Let's Not Make a Deal
With all of its stiff upper lips and even stiffer hairdos, it can be hard to remember that the Upper East Side has long been a haunt of artists. To wit: Andy Warhol, Richard Avedon and Lillian Bassman.
Now, it’s still a popular space for working artists, but they had better be amazingly successful working artists if they hope to buy a studio/living space in the neighborhood. The carriage house and studio of fine art and fashion photographer Lillian Bass, who died last February at age 94, has sold in less than a month for its full $14.9 million asking price.
Penthouse A/B at 129 West 20th Street appears to be a place where nearly anyone would want to live. Flicking through the multitude of listing photos from the many brokerages and brokers who have tried to sell the 4,500-square foot Chelsea loft, one sees an apartment that seems to embody the dream of downtown luxury living: five bedrooms, four mosaic-tiled baths and two expansive terraces pinwheeling off the home’s showy heart: a sun-flooded double-height living room/dining room with 22-foot-high ceilings, two wood-burning fireplaces and an open staircase of wood and steel. The only problem is that it’s a dream no one wants to buy.
The home, which made its market debut at $8 million in April 2006, in the midst of massive renovation intended to set buyers’ hearts aflutter, has lingered there ever since. A handful of renters have come and gone, but none have wanted to sign the deed. Not for $8.5 million (the highest ask), not for $6.45 million (the lowest and most recent ask) and not for anything in between. It’s now listed for rent at $25,000 a month.
When The Observer visited 129 West 20th Street on a recent afternoon, we found an apartment that was many of the things it has claimed to be over the years: “glamorous, dramatic and refined,” just as the first Corcoran listing had promised, as well as “cinematic in scale and scope” like the Prudential Douglas Elliman listing bragged a few years later. (It had, in fact, starred alongside Keira Knightly and Eva Mendes in Last Night and Mariah Carey in an AT&T commercial.)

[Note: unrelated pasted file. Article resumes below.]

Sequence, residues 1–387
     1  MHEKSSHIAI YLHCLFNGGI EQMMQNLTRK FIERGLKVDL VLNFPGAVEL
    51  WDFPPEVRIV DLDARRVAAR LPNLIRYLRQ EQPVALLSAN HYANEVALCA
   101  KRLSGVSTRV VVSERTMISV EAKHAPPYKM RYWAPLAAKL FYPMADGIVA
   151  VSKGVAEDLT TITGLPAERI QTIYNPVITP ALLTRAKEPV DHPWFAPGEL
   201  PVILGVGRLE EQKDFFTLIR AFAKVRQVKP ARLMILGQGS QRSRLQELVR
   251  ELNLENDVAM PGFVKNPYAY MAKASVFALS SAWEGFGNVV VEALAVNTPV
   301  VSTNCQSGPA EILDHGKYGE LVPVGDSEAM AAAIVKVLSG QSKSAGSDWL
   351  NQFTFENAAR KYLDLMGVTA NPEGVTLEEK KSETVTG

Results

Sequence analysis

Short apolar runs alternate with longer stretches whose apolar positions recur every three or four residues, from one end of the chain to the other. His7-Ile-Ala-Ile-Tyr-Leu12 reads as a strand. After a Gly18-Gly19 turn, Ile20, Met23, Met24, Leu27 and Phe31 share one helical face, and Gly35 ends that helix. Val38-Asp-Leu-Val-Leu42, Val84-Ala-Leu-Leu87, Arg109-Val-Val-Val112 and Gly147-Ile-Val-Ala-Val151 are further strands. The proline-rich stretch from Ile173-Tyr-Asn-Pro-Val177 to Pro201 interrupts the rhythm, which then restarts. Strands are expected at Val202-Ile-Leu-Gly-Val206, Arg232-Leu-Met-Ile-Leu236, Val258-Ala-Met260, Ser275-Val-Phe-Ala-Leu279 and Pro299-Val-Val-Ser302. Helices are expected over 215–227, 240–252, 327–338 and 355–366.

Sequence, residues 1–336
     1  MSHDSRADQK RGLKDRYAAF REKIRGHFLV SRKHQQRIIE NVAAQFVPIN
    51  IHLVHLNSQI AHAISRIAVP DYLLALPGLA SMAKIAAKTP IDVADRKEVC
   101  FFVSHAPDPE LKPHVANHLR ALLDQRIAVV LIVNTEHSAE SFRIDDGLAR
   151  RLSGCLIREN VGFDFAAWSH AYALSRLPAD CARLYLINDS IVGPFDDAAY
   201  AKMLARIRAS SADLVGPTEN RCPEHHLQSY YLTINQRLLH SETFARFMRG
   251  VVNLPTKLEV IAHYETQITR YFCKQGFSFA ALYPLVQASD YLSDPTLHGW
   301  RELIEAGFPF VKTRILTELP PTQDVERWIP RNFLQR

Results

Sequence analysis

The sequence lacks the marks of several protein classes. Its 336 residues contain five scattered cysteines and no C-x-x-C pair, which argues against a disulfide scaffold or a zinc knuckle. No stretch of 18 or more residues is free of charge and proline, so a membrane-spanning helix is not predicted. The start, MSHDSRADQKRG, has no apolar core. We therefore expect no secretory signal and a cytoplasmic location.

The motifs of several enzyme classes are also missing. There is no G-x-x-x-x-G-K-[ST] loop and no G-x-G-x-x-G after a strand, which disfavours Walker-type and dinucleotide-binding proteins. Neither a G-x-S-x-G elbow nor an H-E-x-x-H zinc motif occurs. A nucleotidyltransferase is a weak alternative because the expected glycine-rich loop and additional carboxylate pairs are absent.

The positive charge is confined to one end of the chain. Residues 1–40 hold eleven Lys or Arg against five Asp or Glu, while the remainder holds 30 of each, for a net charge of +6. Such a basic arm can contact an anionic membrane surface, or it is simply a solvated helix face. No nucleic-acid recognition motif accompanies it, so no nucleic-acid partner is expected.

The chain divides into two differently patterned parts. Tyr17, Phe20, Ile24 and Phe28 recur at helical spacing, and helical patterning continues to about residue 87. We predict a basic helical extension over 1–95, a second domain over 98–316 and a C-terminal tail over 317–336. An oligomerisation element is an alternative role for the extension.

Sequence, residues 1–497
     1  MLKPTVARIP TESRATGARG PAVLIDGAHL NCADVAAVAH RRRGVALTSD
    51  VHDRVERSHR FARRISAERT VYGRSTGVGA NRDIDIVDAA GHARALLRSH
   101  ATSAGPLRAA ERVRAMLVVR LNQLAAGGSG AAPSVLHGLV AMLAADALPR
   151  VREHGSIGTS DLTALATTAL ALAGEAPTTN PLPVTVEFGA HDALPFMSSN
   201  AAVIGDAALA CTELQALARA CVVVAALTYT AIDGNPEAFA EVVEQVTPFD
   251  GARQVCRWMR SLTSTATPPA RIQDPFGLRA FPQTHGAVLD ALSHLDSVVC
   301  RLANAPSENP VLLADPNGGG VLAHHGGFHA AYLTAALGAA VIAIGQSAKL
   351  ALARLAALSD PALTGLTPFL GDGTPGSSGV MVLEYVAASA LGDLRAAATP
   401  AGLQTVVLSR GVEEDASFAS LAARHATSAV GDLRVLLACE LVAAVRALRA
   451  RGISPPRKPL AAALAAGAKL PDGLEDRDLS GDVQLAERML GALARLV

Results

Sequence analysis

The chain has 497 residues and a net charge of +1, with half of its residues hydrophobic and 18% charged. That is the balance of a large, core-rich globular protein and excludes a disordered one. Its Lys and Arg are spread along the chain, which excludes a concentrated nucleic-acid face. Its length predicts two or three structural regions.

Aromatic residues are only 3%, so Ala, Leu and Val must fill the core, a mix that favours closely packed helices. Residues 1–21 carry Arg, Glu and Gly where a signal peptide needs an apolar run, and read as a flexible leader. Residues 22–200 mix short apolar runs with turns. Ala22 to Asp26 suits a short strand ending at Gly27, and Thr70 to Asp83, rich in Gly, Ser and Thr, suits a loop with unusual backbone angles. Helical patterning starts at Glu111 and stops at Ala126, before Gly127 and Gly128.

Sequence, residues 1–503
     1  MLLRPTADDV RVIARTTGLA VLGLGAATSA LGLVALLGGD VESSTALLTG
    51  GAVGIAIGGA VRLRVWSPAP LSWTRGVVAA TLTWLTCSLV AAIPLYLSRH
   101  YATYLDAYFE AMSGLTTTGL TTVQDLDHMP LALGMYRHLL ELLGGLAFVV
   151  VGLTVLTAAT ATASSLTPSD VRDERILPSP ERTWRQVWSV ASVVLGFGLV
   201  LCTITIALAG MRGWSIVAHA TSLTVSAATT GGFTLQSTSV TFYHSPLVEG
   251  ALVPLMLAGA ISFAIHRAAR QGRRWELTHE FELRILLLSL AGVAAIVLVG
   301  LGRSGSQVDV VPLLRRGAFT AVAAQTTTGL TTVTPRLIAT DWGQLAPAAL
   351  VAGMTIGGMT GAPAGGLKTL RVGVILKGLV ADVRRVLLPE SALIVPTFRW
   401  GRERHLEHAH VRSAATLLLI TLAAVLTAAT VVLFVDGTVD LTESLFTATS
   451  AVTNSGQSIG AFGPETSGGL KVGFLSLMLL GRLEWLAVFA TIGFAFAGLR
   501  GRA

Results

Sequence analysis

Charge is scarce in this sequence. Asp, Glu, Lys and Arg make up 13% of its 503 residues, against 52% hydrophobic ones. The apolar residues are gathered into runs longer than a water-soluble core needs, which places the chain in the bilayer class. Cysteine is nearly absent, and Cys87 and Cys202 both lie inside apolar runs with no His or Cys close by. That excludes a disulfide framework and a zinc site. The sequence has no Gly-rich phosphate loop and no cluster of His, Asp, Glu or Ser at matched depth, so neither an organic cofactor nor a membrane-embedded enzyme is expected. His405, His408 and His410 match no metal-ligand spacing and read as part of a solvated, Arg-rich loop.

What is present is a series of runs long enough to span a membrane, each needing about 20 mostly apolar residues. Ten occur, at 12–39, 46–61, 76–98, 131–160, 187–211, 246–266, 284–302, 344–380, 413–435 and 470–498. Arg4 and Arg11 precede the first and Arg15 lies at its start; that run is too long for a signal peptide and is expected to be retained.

Last November, after three years of writing about magnificently overpriced New York residential real estate, I moved to the Wall Street beat. It is sober and civilized by comparison. What I feel nostalgic for isn’t the real estate itself. Even though it’s fun to visit cosmic Manhattan homes—like the hand-built third floor of the Plaza, Read More
On Monday, the rare-maps dealer W. Graham Arader III was in the passenger seat of his black Mercedes SUV, thinking about all the wealthy people who have not bought his 12,000-square-foot, 22-room, 10-bedroom townhouse at 1016 Madison Avenue. “People have been clubbed to death by recent events,” he said. “The seals in Alaska had it Read More
The new White House-125 East 70th Street.
Upper East Side brokers often dub East 70th Street, between Park and Lexington Avenues, as the city’s best townhouse block. And in 2006, it’s been the sight of three big deals, with bold face buyers like Woody Allen, Coach president Reed Krakoff, and Irish businessman Tony Read More
The storied Upper East Side townhouse that just entered the market for $26.5 million was attracting enough attention before anyone knew it was the former home of the philanthropist Paul Mellon.
His widow, Rachel (Bunny) Lambert Mellon, who currently lives in northern Virginia, put the 70th Street townhouse up for sale with brokers Kirk Read More
In mid-March, private
investor Peter Knobel sold his renovated mansion at 20 East 73rd Street for $17
million. The property is spectacular-a 22-foot-wide building located on a prime
block between Fifth and Madison avenues. And Mr. Knobel invested $7 million,
putting in a wine cellar and basement basketball court. But when he got such a Read More
It was the year in Manhattan real estate that the celebrities were humbled, and the billionaires couldn’t buy whatever they wanted. It was the year that Harrison Ford hunted up and down Carnegie Hill just to end up acquiring the neighbor’s place and expanding. When Calvin Klein, after a fruitless search, landed back in his Read More